A Tesla Model S driver published a video of his car crashing into a van while on Autopilot which acts as a great PSA to remind Tesla drivers not to always rely on the Autopilot and be ready to take control at all time. In this particular case, the video shows quite clearly what went wrong and the data could actually be useful to Tesla to help prevent the event from happening again.

The Model S was on Autopilot, or at least the Traffic-Aware Cruise Control (TACC) feature of the Autopilot, in the left lane on the highway (looks like Switzerland) in heavy traffic. While in heavy traffic, TACC will lock on the vehicle in front of the Model S to determine the speed of the vehicle and consequently when to move in traffic.

The problem here is that a van stopped in the left lane with its hazard lights on and the vehicle TACC was following didn’t stop, if it would have stopped it’s likely the Model S on Autopilot would have too, instead it swerved past it by partly impinging on the right lane.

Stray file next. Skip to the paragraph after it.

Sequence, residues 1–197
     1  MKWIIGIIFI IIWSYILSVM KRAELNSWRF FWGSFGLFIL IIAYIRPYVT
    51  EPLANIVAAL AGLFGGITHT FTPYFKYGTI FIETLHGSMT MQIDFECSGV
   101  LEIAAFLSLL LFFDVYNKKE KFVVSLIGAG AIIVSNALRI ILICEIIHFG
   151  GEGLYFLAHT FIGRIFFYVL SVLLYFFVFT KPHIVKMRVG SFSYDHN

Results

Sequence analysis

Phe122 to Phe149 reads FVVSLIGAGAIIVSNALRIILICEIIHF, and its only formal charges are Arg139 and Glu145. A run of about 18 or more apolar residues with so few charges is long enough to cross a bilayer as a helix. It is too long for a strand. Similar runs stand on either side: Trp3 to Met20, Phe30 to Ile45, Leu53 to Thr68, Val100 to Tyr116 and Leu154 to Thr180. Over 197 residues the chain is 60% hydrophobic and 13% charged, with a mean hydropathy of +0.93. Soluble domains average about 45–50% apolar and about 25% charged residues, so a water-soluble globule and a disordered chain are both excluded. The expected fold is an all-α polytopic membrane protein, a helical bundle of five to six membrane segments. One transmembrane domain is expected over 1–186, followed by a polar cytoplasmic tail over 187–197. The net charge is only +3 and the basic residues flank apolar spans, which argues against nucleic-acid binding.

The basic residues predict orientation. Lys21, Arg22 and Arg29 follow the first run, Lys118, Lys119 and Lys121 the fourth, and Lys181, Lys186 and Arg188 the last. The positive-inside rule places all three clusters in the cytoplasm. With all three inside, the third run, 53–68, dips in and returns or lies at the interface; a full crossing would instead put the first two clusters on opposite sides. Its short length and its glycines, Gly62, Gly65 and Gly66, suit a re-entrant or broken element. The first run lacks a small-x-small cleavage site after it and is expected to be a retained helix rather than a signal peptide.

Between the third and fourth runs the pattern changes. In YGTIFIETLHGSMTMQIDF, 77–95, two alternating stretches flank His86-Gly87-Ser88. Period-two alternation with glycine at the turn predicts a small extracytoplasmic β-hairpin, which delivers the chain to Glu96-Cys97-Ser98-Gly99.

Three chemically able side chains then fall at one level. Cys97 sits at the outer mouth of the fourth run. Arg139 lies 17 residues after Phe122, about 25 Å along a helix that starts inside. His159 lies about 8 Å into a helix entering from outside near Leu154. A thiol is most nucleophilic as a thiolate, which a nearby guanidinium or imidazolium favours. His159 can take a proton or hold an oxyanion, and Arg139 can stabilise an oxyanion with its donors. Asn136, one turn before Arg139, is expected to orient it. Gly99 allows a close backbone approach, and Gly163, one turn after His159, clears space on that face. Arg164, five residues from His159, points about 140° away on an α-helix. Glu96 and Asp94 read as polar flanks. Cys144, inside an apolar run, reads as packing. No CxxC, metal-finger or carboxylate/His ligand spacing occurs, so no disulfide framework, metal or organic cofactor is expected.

It looks like the Model S stayed locked on the vehicle and therefore didn’t try to stop for the obstacle until the very last second, which of course shouldn’t happen. The Model S driver saw it coming but trusted the system:

“Yes, I could have reacted sooner, but when the car slows down correctly 1’000 times, you trust it to do it the next time to. My bad..”

Tesla’s owner manual has a warning especially for those kind of situations:

“Warning: Traffic-Aware Cruise Control can not detect all objects and may not brake/decelerate for stationary vehicles, especially in situations when you are driving over 50 mph (80 km/h) and a vehicle you are following moves out of your driving path and a stationary vehicle or object, bicycle, or pedestrian is in front of you instead. Always pay attention to the road ahead and stay prepared to take immediate corrective action. Depending on Traffic-Aware Cruise Control to avoid a collision can result in serious injury or death. In addition, Traffic-Aware Cruise Control may react to vehicles or objects that either do not exist or are not in the lane of travel, causing Model S to slow down unnecessarily or inappropriately.”

The owner says that “the whole front of the car needs to be replaced, including a parking sensor and a steel beam”.

Update: the Model S owner set the video to private (see below), but someone linked to a gif of the video:

Here’s the short video:

It’s interesting to compare the situations in which the Autopilot is more inclined to act in time. For example, it looks like it’s better at avoiding obstacles that are coming in the vehicle’s path instead of stationary obstacles already in the path: Watch Tesla’s Autopilot autonomously avoid a collision with a truck [Video]